So the doctor says “You’re bi-polar.” Which I don’t think is the case – but there was a time when being thought of as a more crazy/less culpable bi-polar type was more advantageous than just being seen as a common or garden depressive, so I may have – if not fabricated or embellished – presented details of my first and most theatrical psychological meltdown ready wrapped and stamped with the most desirable diagnosis. I don’t think I’m bipolar, but I let it slide.
“And we wouldn’t normally give someone with bipolar an antidepressant on its own, as there can be serious complications – but I will, but you must come back and see us in a week.”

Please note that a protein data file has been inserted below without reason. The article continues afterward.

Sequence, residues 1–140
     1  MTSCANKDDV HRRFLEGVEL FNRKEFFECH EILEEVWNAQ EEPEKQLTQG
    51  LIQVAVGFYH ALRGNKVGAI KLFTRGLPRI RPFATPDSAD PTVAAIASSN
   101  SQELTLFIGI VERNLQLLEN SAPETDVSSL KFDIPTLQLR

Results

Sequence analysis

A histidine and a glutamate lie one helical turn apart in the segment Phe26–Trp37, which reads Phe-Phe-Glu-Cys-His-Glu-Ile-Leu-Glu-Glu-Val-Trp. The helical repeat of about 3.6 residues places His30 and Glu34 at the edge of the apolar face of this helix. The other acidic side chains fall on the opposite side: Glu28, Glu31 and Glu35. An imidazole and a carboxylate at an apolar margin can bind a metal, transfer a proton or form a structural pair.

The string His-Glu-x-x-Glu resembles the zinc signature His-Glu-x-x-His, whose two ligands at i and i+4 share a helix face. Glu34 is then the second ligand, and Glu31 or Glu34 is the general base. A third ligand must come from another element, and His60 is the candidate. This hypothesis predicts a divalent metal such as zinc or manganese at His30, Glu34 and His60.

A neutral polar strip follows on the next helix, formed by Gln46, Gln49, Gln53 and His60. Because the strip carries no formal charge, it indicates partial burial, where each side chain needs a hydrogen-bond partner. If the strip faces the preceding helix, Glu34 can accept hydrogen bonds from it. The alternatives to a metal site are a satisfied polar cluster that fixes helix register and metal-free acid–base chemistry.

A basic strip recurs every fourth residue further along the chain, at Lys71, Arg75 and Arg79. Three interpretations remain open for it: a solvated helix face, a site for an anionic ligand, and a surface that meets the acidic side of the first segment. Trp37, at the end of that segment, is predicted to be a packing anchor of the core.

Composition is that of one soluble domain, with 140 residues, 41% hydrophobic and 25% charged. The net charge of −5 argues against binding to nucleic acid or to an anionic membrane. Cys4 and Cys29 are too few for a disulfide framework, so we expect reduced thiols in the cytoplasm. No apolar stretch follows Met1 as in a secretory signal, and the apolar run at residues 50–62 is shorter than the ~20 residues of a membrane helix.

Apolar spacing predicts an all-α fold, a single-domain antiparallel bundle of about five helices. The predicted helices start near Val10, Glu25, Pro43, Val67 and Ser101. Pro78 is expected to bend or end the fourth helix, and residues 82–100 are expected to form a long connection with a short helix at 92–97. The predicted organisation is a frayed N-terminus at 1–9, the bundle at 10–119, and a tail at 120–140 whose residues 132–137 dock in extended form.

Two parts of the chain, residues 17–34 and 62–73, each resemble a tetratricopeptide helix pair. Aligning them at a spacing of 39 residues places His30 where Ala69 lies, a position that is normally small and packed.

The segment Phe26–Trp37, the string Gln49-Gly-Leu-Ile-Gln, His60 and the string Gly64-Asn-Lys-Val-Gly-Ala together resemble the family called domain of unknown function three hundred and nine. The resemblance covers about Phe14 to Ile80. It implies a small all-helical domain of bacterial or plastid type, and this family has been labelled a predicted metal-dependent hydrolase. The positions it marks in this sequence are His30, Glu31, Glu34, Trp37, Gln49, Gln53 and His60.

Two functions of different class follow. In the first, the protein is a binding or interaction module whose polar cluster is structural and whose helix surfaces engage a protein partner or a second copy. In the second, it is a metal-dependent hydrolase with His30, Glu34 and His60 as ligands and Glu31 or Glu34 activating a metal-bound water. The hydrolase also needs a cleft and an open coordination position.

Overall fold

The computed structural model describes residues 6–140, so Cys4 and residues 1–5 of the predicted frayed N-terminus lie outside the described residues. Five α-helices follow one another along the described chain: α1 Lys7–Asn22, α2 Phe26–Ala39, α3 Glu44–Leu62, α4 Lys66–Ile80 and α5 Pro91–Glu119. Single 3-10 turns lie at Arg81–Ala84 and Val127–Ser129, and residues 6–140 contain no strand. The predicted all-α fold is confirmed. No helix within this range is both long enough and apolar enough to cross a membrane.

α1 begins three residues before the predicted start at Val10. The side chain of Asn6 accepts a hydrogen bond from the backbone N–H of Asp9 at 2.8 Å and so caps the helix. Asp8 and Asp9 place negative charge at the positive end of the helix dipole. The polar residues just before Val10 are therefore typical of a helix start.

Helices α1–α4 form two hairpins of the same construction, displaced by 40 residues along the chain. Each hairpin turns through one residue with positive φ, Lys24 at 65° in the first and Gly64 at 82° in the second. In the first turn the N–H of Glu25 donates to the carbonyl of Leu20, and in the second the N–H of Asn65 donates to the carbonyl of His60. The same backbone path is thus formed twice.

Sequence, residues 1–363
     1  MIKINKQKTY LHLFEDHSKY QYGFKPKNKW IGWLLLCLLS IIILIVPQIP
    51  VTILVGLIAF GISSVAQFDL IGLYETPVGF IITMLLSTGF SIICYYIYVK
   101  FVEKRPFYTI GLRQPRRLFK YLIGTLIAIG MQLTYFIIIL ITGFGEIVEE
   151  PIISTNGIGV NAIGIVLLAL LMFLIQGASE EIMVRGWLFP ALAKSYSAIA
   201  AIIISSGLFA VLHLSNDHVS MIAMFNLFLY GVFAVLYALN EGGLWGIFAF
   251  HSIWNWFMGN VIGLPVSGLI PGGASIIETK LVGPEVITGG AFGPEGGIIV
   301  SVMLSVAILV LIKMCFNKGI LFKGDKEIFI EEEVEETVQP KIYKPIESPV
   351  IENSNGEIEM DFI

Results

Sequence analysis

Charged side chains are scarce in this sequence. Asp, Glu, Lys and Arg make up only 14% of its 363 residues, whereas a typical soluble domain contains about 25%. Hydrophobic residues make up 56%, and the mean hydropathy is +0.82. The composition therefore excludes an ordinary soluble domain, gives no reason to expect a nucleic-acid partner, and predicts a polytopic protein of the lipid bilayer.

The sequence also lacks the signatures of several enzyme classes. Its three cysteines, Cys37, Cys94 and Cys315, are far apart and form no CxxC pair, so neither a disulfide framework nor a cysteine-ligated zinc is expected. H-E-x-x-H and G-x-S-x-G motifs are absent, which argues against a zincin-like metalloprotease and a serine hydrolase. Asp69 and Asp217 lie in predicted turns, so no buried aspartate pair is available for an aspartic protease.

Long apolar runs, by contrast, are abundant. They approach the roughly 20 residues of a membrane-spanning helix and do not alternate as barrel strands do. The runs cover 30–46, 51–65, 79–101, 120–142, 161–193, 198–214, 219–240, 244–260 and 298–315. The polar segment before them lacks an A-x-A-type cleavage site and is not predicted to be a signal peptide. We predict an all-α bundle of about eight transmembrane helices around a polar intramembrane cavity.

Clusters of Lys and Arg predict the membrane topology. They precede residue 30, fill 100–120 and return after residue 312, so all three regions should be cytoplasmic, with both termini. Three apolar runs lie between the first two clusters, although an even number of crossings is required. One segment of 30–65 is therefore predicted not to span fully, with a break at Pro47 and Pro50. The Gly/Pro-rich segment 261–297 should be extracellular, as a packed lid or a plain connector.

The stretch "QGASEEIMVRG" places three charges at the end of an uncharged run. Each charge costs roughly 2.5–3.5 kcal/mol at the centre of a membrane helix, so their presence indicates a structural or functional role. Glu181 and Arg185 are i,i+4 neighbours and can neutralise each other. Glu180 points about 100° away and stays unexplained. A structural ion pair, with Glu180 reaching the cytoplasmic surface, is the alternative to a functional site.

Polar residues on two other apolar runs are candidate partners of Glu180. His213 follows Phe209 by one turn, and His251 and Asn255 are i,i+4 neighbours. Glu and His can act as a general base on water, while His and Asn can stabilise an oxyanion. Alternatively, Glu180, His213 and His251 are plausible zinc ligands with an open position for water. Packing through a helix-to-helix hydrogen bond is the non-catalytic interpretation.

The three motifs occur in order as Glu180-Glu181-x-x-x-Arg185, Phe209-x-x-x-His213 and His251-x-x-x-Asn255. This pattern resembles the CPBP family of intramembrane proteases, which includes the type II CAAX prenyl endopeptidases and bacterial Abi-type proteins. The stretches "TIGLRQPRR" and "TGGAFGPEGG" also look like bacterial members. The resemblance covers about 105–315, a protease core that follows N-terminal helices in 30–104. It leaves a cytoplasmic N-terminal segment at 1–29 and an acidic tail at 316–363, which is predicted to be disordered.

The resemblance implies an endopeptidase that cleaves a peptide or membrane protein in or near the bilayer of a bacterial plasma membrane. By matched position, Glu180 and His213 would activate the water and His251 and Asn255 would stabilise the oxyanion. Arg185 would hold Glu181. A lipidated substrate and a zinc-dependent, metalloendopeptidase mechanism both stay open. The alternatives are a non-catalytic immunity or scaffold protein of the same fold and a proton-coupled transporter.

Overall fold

“What do you do to make yourself happy/” He asks.
“Nothing. There’s nothing I do that makes me happy.”
“Well, you must do something.” He says. “What do you do in your free time?”
“Nothing, really. I just kind of sit – or stand. I’ve got no motivation to do anything else. That’s part of the problem.”
“Well, you must do something. And come back in a week.”
He gives me a prescription for a month’s worth of Citalopram, a sick note for two weeks “Bipolar disorder – current depressive episode”. I thank him for his time.